The Nazareth Page - A gospel meditation for your home
May 9, 2021 – Sixth Sunday of Easter - John 15:9-17
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In recent times a new phrase has entered many conversations, especially those that take place via the phone. Just before the traditional “bye” is voiced, there’s often a hurried “love ya” said. I certainly wouldn’t be one to criticise an increase of “love” in the world, but when an expression of love become so common, so habitual and so customary, well, I’m not sure exactly what it means anymore. Maybe we need more than one word to say “love.”
And certainly, we should not be guilty of cheapening the importance of genuine love.
When Jesus reclined at table with his closest friends – for the last time – he decided to use this opportunity to clarify how he understood the meaning of love, especially between us. Not to leave it as a vague feeling between people (or as a quick phrase before saying bye on the phone) he said that we should love each other as he loved them. This was right before he gave his life for them.
In other words, genuine love involves self-giving, the giving of concern, attention, time and action for the one loved. And doing this is hard. Especially when you consider that Jesus didn’t limit the extent of our doing this.
He didn’t say to only love those who first love you, or those who are just like you, or those whom you happen to fancy. Today, it strikes me that his command to love one another might at times cross national borders, racial, ethnic or religious boundaries, and even political differences. And no one would argue that this is easy.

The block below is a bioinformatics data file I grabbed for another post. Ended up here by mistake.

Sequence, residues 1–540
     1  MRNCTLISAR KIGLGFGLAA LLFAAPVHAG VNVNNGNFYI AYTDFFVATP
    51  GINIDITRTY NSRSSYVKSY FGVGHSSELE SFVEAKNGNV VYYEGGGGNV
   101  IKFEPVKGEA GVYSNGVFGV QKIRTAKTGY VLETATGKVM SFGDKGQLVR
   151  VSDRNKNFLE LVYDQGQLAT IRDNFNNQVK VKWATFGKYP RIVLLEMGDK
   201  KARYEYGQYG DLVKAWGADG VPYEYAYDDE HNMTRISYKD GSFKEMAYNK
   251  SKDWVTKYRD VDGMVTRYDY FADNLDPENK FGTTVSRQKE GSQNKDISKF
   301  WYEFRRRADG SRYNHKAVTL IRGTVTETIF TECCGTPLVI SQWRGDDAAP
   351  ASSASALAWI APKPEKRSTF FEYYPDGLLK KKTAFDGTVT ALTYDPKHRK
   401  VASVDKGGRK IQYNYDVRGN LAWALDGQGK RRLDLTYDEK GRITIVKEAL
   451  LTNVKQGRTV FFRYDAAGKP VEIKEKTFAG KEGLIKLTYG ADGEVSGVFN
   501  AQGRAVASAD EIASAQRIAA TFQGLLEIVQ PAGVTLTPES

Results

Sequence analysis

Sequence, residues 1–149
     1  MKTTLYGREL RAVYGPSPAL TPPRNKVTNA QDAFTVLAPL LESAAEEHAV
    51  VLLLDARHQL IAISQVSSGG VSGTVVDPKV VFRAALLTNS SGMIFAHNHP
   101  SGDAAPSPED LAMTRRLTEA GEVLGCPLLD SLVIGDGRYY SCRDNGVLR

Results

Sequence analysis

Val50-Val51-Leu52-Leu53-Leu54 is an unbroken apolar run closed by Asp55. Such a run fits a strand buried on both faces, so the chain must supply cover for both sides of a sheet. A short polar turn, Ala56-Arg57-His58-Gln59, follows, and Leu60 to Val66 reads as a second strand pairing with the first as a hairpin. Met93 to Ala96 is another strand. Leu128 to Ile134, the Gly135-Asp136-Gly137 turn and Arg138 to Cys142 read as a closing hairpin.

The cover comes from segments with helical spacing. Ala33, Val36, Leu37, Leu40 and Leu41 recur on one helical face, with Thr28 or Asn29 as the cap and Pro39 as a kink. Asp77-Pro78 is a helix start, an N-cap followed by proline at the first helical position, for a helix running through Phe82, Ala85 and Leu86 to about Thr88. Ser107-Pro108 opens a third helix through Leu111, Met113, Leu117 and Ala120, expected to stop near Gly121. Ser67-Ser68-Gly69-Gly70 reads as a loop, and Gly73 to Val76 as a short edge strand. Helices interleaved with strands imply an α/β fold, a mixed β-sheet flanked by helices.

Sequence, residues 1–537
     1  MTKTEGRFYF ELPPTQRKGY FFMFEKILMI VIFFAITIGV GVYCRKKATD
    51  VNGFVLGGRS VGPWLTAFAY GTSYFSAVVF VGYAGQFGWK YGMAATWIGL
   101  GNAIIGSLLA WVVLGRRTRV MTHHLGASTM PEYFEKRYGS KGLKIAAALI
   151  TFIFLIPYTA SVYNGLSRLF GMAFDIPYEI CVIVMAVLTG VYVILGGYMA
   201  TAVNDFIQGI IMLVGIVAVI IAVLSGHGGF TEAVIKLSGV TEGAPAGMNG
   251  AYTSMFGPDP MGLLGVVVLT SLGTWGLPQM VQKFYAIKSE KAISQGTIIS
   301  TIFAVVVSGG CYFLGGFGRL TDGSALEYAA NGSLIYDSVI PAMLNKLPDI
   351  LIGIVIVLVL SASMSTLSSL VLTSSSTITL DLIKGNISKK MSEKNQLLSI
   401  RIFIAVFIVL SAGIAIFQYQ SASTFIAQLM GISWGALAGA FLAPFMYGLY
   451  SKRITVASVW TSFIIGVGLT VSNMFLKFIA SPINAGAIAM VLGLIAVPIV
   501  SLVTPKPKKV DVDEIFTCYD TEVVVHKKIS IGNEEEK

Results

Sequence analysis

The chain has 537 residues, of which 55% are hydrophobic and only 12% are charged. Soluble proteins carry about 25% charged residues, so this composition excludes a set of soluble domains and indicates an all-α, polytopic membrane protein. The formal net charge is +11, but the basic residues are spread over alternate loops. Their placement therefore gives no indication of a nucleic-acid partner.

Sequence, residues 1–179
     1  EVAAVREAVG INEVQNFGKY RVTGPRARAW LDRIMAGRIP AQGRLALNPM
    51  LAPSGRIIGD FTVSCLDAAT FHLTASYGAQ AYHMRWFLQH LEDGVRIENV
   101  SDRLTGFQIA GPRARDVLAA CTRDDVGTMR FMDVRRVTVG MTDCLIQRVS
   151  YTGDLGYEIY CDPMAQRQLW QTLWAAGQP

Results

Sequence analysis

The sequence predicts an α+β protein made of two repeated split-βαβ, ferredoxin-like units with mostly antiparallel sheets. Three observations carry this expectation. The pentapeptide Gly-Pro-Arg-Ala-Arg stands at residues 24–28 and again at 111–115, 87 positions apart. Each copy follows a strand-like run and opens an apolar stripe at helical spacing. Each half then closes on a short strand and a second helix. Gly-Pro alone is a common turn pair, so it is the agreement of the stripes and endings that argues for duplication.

One could also ask whether the command that Jesus gave us to love each other was ever realized in our world. Historians point out that there have been more wars, persecutions, torture and killing in the name of religion than by any other single cause. And this applies to all religions, even the ones who claim that they are based on the teachings of Jesus. Still, the love command of Jesus remains valid and vital to this day – and needed as much now as ever.
A final thought: Notice that Jesus invites us to love each other as he loves us. We are all loved into life by God who first loves us. Thus, our love for others is rooted in our being already loved by God, even before we entered life here on earth. This is the kind of love that inspires and energizes family life, our life of friendship, our very survival.
©David M. Thomas, PhD